NOAA 2004-R253
Contact: Tracey Lake

NOAA News Releases 2004
NOAA Home Page
NOAA Public Affairs


Officials from NOAA's National Weather Service (NWS) today joined local government leaders, members of the community and managers from federal and local agencies to dedicate the new West Coast and Alaska Tsunami Warning Center (WC/ATWC) in Palmer, Alaska. The National Oceanic and Atmospheric Administration (NOAA) is an agency of the U.S. Department of Commerce.

In 2003, a new Tsunami Warning Center building was constructed adjacent to the original WC/ATWC building. This new facility was the first Leadership in Energy and Environmental Design (LEED™) certified building in the state of Alaska and within the U.S. Department of Commerce. LEED™ certification is granted by the U.S. Green Building Council when a building meets standards including state of the art strategies for sustainable site development, water savings, energy efficiency, materials selection and indoor environmental quality. The facility also received the 2004 White House Closing the Circle Award Honorable Mention for Sustainable Design/Green Building.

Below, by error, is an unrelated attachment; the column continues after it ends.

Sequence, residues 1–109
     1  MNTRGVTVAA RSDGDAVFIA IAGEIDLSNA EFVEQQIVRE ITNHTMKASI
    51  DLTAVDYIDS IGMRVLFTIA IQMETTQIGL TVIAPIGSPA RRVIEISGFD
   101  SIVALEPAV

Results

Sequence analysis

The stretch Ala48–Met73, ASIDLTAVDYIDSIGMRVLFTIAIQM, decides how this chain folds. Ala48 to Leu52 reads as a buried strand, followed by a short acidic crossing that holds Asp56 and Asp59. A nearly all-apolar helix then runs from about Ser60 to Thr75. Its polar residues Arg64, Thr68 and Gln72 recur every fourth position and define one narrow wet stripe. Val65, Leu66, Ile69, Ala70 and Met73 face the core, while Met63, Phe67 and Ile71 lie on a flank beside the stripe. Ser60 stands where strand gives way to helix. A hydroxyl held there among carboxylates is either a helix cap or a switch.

Among the distinguished guests joining Laura Furgione, acting director of the NWS Alaska Region, at the dedication ceremony were retired Air Force Brig. Gen. David L. Johnson, NWS director; John Pennington, director, FEMA Region 10 of the Department of Homeland Security; and Alaska State Senators Lyda Green and Scott Ogan.

“As the mission of NOAA and the National Weather Service continues to evolve into an environmental forecasting model that considers entire ecosystems and their impacts on weather and climate, it only makes sense that we incorporate environmentally friendly design into new facilities,” said Johnson. “We're proud that this National Weather Service building was the first Department of Commerce facility to receive LEED™ certification. It raises the standard upon which all future NWS facilities will be judged.”

The Center’s area of responsibility includes all Pacific-wide tsunamigenic sources that could affect the California, Oregon, Washington, British Columbia and Alaska coasts.

“This new facility provides upgraded power and communications capability, as well as office space for other governmental and educational organizations, which will assure the WC/ATWC will continue to provide timely and high quality products to the public,” said Furgione.

NOAA’s National Weather Service is the primary source of weather data, forecasts and warnings for the United States and its territories. The NWS operates the most advanced weather and flood warning and forecast system in the world, helping to protect lives and property and enhance the national economy.

NOAA is dedicated to enhancing economic security and national safety through the prediction and research of weather and climate-related events and providing environmental stewardship of our nation’s coastal and marine resources.

On the Web:


NOAA’s National Weather Service: